Video SeriesZero Punctuation

Black Mesa – Zero Punctuation


This week in Zero Punctuation, Yahtzee reviews Black Mesa.


Some day, indie games, you and I are going to have to draw up a little constitution and decide how long is too long to be in early fucking access. I made a vow to stop reviewing games that are still in oily excess because anything I criticise can get fixed before the final release and then my review just has to dangle there from the internet looking all wrong and stupid like a decent human being in a Republican controlled Senate. Plus it leads to situations like when I half-arsedly reviewed Fortnite while it was still in twirly axis, little realising it would soon become the world’s third most popular form of human communication. 

But now I have a new problem, because sometimes games stay in early access the whole time they’re in the popular Zeitgeist so by the time I review it no one cares and have all moved onto John Madden’s Felching Simulator 2020. Black Mesa was announced fifteen years ago and been in early access for five. I assume they’ve been waiting until the kitschy retro factor kicks in since they missed the first chance to strike while the panty was wet. As a critic this has been a right pinecone up my perineum. Back when I first played Black Mesa in those wonderful days before all sense left the Earth I had tons of shit to critic about but they kept throwing up the early access card like a crucifix to a vampire. 

“Hey, where are the Xen levels?” “EARLY ACCESS!” Hssssss. “Hey, the enemy soldiers seem a bit too accurate-” “EARLY ACCESS!” “Oh for fuck’s sake.” And now I’m roundly miffed to see that the release version of Black Mesa is really fucking polished. Which is all anyone should expect, since they’ve been polishing it for so fucking long there’s a six inch layer of crystallised Mr. Sheen around the thing. But let’s take a step back. 

Black Mesa is a fan-made remake of the seminal 90’s PC shooter, narrative action game tentpole and all around ball of chunky cuddles Half-Life, made in the Half-Life 2 Source engine. You see, when Half-Life 2 came out Valve put out a version of Half-Life in the Source engine but it was just a copy paste of the assets, so some disappointed fellow said “Hey, wouldn’t it be great if this was an actual remake of Half-Life in the style of Half-Life 2 with fully updated graphics and level design?” And someone else said, “Yes, that would be great. Hop to it.” And thus was decided the next fifteen years of that poor fucker’s life. Now, my philosophy brain reminds me that I disapprove of this kind of thing.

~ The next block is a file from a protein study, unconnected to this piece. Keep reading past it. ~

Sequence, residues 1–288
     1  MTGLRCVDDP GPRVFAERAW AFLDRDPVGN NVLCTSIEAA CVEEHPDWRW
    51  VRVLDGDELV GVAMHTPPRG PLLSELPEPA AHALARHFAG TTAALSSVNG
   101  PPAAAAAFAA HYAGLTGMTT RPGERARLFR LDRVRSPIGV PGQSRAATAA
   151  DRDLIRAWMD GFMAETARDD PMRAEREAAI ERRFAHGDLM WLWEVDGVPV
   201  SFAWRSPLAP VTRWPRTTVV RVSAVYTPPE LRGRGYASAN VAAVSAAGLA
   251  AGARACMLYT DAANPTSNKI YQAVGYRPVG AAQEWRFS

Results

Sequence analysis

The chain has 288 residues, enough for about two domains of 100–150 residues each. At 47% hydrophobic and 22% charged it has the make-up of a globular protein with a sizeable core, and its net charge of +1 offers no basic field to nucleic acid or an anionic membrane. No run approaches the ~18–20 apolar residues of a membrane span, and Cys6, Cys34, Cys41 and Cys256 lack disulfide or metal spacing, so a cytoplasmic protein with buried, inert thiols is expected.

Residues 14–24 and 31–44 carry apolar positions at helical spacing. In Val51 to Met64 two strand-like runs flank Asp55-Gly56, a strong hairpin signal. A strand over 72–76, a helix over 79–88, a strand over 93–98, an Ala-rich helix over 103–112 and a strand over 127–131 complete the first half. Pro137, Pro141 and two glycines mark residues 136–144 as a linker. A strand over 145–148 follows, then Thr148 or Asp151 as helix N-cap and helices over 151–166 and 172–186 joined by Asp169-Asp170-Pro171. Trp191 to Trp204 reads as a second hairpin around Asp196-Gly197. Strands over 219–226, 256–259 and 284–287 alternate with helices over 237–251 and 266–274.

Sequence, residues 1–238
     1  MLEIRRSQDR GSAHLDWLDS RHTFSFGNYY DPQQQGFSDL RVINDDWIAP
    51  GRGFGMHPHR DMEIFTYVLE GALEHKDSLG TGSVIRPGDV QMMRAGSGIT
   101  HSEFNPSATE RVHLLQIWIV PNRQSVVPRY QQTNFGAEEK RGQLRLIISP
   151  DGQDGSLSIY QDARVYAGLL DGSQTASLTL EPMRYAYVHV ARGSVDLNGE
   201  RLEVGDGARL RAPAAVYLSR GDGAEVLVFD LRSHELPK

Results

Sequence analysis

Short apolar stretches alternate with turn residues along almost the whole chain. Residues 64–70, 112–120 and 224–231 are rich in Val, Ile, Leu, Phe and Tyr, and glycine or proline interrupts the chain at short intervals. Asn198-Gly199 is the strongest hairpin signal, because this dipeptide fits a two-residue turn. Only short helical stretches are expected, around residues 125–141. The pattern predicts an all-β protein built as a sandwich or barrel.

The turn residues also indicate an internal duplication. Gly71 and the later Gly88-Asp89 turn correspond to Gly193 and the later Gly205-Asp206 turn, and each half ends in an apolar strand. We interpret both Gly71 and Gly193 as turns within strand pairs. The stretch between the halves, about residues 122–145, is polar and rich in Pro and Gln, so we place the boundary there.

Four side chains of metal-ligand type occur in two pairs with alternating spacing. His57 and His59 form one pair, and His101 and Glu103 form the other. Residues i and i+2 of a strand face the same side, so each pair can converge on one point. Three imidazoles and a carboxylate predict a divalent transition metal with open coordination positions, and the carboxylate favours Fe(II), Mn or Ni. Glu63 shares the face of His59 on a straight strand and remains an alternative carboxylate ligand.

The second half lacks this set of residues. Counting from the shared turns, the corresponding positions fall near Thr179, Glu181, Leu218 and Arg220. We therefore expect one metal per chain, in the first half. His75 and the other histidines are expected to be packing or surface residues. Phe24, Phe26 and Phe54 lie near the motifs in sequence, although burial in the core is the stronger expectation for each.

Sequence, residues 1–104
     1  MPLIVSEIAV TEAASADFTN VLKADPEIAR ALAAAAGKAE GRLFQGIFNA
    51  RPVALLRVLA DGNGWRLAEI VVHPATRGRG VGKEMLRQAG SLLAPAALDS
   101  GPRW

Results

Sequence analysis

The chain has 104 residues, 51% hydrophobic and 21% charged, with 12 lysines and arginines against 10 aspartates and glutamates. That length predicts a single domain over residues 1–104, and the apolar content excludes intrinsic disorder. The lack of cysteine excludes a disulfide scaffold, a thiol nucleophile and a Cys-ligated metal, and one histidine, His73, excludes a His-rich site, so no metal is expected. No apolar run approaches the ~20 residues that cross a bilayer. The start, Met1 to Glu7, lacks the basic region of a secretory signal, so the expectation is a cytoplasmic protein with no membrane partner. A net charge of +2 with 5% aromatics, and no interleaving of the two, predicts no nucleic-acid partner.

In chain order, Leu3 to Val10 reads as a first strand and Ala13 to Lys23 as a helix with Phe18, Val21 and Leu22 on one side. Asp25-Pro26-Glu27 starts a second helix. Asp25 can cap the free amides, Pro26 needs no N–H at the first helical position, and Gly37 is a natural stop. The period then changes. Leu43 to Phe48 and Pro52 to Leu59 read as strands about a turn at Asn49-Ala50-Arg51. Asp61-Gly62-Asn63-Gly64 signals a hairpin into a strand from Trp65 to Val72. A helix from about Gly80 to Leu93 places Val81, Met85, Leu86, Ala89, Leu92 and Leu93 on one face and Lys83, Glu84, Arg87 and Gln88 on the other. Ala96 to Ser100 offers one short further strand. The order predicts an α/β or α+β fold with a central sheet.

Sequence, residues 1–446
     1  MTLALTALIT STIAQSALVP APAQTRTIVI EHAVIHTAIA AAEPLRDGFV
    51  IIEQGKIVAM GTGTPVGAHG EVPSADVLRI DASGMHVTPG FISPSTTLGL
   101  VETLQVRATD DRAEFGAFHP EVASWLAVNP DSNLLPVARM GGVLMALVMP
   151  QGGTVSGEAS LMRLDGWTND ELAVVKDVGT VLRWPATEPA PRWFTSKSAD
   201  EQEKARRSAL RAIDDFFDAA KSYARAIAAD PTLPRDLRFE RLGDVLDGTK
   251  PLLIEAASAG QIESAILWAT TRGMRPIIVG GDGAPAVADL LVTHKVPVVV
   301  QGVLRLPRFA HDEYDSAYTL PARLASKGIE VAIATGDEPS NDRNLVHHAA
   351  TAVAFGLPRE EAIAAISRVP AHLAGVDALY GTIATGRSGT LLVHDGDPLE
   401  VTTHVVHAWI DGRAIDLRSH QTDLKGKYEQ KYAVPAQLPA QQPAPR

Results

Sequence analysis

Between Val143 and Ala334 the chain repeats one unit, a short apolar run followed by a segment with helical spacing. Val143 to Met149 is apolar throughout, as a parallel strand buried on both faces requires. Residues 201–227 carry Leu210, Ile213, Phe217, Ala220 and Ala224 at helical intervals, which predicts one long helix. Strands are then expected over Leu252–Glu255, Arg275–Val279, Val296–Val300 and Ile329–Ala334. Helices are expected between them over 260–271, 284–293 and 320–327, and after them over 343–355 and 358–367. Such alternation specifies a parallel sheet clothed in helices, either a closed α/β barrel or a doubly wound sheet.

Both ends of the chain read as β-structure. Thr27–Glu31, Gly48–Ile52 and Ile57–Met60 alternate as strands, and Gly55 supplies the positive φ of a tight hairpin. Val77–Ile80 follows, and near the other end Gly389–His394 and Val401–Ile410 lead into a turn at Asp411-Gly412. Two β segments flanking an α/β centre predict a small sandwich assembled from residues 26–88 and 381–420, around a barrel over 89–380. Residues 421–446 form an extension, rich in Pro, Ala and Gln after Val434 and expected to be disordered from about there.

Part of the value of art is as a capsule of the styles and attitudes of its era, dragging an old classic into the present and forcing it to chase new trends is a cycle that never stops, the Source engine is itself pretty old and crusty at this point and Black Mesa will now need to be remade again in Unreal Engine 4 with VR support and oh bollocks probably shouldn’t put the idea in their heads. 

But on the other hand, my down-to-earth brain points out A) this is the fucking modern games industry we’re talking about, where they don’t even apply backwards compatability to their baseball caps, so in a few years this might well be the only way we CAN play Half-Life, and B) Black Mesa gives me lovely wobbly feelings in my tummy tum because Half-Life is my boo. If you want to know how Black Mesa would be for someone who’s never played the original then I haven’t got the least fucking idea, go to Timmy Tween Twitchstreamer and pay him a hundred bits to answer that question if he can stop sucking Mountain Dew from his mum’s titties for five seconds. I’m more familiar with the layout of Half-Life than I am with that of female genitalia, and Black Mesa follows it closely, so it’s all that lovely pacing and narrative gameplay but now with the beer goggles taken off.

Everything’s crisper, the guns are more satisfying, the characters have a little more character, the environments make a little more sense with not so many sewage runoff pipes outflowing inexplicably into people’s offices. I note we still haven’t solved the issue of everyone looking the same. The original Half-Life only had four different scientist models but they were very different, running a spectrum between Albert Einstein and Sidney Poitier.